- Cape student sues, accuses school officials of slamming her to ground multiple times (04/28/16)48
- Neelys Landing man shot, killed by highway patrol trooper after traffic stop (05/01/16)43
- Bob Evans restaurant in Cape Girardeau among chain's 21 closings (04/26/16)9
- Missouri House votes to allow concealed weapons without permits (04/28/16)8
- Police report filed, but no charges in incident at Cape Central (04/29/16)40
- 2016 All-Missourian Boys Basketball (04/29/16)
- Statement: Man says cops’ good work drove him to grow his own marijuana (05/01/16)1
- Two hurt in motorcycle wreck on Interstate 55 (04/25/16)1
- Senator introduces bill for I-57 that would connect Sikeston with Little Rock (04/28/16)4
- River Ridge Winery changes hands (05/02/16)
National Day of Prayer to be held Thursday
To some, prayer is a private activity. Thursday it becomes a national act.
Area churches and organizations plan to observe the 58th annual National Day of Prayer with group activities throughout the day.
"People pray individually all the time, but the National Day of Prayer is a time when individuals come together as a whole and pray for our country," said Debbie Tracy, who helped organize one of the events. "It is a scriptural invitation to prayer and a response to the Pledge of Allegiance."
In 1952 President Harry S. Truman signed a joint resolution by Congress declaring National Day of Prayer an annual celebration. President Ronald Reagan amended the resolution in 1988 and set aside the first Thursday in May for the annual Day of Prayer.
The national theme this year is "Prayer, America's Hope."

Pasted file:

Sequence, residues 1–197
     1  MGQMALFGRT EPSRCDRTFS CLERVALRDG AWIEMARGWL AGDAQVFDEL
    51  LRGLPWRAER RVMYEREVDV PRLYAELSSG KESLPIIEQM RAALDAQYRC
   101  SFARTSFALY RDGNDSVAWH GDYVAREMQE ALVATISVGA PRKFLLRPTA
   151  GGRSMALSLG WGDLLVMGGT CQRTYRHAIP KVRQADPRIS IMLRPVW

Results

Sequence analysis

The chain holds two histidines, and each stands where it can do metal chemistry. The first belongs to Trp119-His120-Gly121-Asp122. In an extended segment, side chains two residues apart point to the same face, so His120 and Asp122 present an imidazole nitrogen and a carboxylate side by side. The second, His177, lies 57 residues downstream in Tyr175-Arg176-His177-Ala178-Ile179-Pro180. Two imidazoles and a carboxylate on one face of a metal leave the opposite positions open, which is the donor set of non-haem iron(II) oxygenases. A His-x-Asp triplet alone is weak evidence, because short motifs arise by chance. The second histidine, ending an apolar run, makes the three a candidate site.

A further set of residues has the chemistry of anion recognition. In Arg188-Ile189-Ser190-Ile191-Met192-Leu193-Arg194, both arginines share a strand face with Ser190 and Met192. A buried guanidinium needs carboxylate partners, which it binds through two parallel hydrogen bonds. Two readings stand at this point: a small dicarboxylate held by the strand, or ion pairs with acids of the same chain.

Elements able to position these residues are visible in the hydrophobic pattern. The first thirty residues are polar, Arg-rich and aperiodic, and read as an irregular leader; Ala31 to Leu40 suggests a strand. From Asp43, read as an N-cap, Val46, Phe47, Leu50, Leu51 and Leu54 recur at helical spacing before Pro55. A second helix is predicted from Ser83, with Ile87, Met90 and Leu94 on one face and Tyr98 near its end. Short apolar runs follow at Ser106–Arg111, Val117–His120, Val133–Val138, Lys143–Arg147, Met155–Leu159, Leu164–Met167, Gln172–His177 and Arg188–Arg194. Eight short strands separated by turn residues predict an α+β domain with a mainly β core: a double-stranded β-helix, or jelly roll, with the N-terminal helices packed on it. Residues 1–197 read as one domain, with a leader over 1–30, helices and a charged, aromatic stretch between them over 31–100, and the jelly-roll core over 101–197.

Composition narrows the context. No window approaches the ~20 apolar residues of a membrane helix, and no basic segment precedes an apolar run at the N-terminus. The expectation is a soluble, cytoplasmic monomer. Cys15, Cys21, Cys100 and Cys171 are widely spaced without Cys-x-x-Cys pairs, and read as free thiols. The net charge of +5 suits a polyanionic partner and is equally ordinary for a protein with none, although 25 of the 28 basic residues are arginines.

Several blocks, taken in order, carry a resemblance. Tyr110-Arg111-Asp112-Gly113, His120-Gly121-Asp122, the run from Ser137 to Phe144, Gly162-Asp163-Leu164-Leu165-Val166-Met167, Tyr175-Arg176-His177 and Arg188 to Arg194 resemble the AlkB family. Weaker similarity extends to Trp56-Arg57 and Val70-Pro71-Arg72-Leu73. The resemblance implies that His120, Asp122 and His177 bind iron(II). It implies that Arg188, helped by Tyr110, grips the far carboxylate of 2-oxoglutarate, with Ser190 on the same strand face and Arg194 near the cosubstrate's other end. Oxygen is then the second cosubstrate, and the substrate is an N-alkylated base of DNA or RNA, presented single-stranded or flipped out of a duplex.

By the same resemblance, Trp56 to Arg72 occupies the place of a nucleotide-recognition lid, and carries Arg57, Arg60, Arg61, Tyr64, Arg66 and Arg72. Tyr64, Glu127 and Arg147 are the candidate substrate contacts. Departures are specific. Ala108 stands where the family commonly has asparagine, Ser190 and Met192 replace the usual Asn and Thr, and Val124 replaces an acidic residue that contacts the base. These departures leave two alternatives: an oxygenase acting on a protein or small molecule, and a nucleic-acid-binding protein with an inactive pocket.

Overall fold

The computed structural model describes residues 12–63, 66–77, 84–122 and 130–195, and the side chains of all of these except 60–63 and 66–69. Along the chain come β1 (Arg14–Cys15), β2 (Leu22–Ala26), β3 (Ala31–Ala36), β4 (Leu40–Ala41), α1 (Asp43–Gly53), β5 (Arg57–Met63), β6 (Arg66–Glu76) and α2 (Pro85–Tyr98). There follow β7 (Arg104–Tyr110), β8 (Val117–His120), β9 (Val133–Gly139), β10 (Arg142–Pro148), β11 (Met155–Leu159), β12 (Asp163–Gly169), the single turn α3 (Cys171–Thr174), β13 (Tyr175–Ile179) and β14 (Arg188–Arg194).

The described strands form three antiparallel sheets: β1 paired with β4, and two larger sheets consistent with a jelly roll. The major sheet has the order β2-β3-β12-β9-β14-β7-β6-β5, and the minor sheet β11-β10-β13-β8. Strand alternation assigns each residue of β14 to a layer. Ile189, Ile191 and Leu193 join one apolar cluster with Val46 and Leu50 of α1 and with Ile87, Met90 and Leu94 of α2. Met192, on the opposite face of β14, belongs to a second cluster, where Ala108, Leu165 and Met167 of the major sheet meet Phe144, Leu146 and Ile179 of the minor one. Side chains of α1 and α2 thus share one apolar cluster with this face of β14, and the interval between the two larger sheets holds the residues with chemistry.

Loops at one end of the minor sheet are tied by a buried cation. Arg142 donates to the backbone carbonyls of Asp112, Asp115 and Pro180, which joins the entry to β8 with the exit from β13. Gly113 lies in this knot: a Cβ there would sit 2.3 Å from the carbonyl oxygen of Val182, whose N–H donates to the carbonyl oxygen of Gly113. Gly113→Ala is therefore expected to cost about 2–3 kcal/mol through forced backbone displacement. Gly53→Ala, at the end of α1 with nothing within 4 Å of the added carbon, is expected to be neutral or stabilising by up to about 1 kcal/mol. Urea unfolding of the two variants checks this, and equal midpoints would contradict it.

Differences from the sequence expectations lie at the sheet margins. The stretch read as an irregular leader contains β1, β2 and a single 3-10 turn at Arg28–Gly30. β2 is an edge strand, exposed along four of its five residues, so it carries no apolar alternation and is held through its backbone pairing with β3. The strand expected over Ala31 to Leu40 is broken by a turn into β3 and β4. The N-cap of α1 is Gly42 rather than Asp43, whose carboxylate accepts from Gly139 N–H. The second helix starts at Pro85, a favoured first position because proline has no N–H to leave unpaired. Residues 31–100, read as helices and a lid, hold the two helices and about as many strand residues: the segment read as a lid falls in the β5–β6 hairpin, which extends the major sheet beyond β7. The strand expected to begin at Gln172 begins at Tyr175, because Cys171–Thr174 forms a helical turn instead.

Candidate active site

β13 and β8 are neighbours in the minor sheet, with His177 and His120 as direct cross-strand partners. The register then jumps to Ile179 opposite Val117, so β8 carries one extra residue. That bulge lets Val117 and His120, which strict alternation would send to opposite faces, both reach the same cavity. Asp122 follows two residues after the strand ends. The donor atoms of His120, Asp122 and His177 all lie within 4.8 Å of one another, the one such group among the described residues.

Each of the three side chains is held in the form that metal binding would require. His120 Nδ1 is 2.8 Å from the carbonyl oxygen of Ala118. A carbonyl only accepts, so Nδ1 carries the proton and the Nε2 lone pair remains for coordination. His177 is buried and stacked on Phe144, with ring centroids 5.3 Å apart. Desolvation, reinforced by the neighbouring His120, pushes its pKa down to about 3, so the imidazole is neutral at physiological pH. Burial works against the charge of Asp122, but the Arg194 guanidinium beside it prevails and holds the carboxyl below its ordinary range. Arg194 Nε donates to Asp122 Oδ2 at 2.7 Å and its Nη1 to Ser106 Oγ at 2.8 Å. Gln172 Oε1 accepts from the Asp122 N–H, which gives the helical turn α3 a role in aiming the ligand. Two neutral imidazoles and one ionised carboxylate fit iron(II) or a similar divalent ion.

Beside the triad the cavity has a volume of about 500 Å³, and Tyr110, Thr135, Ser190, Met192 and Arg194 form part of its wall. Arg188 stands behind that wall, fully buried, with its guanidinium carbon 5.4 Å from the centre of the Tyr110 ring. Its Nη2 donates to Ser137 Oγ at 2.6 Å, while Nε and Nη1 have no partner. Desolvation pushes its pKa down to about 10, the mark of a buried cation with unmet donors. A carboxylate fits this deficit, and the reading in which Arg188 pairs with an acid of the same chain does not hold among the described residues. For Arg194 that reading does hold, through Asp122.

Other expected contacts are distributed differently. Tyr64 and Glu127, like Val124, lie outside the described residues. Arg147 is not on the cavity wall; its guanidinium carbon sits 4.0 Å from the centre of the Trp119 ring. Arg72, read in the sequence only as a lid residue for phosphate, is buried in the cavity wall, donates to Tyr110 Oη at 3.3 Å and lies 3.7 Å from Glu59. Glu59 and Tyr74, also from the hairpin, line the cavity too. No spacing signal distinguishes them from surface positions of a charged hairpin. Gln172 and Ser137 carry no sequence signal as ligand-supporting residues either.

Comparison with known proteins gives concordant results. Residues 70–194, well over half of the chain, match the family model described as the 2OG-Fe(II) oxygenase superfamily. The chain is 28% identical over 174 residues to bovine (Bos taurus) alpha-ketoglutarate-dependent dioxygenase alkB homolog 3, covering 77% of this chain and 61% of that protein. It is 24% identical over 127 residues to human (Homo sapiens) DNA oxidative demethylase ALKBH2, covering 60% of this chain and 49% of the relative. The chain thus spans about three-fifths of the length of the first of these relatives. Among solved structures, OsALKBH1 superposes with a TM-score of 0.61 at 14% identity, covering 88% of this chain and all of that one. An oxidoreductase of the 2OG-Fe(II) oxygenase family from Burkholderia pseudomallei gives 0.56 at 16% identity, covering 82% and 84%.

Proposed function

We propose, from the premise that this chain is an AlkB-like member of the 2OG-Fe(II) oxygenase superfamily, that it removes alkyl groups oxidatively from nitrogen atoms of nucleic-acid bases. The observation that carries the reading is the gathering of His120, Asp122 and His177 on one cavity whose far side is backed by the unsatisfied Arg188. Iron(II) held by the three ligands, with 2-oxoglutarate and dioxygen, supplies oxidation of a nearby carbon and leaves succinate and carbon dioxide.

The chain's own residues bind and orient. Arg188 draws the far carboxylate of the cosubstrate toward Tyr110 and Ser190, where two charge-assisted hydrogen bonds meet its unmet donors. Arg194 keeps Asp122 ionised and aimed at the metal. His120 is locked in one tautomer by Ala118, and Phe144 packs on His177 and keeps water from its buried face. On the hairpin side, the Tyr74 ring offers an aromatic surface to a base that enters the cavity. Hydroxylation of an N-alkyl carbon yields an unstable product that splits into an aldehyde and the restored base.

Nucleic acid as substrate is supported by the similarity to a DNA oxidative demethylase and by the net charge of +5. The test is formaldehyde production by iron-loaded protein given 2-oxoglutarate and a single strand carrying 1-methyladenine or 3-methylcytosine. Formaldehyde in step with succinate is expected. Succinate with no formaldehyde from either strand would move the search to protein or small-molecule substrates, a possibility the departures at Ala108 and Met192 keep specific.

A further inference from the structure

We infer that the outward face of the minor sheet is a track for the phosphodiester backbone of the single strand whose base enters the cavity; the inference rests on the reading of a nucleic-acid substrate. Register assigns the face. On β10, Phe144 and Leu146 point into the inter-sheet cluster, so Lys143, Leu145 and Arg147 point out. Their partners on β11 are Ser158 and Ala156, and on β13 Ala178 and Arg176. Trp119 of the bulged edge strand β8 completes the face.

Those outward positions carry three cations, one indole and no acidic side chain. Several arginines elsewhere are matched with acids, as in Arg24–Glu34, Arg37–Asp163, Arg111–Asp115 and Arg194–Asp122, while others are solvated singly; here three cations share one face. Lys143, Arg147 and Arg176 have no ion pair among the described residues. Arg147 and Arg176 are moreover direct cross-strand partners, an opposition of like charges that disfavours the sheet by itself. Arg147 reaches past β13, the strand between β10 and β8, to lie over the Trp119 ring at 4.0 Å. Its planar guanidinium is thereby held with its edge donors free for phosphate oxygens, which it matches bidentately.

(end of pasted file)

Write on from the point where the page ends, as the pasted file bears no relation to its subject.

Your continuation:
"The National Day of Prayer is a call for people to come together and act in ways to make a difference," said the Rev. Scott Moon, senior pastor of Grace United Methodist Church in Cape Girardeau. "Four years ago Hurricane Katrina was the main focus of our prayer. It was but one way to strengthen the nation."
A National Day of Prayer Task Force was created by the National Prayer Committee to organize and promote observances to prayer that conformed to the Judeo-Christian system of values. People who hold other philosophical and theological principles can organize and participate in activities pertinent to their beliefs as well. Congress wanted diversity so that all who wanted to pray for the nation would be encouraged to do so in appropriate ways, according to the organization's website.
Cape Girardeau and Jackson ministerial alliances and churches joined forces this year to plan two events for the National Day of Prayer. They will hold a prayer breakfast at CrossRoads Fellowship in Jackson and an evening prayer service at St. Andrew Lutheran Church in Cape Girardeau.
"The fact that Cape and Jackson are combining means that communities are coming together to give thanks and be conscious of meeting suffering with prayers," said the Rev. Sam Roethemeyer, pastor of Emmanuel United Church of Christ in Jackson.
Eva Hillis, director of Love INC (In the Name of Christ), will speak at the free prayer breakfast to be held at Crossroads Fellowship in Jackson. Song and prayer will be offered at the evening service.
"We all need to be reminded that our hope comes from God," said Tracy, chairwoman of the breakfast.
The Community Day of Prayer will be directed toward assisting families in need, but it will also include prayers for media, children, military and government, according to in a news release about the event.
"Anytime we can pray, we should pray for our country and governments and the seven values stated by the National Day of Prayer Task Force," said the Rev. Frank Husted, pastor of First United Methodist Church in Chaffee, Mo.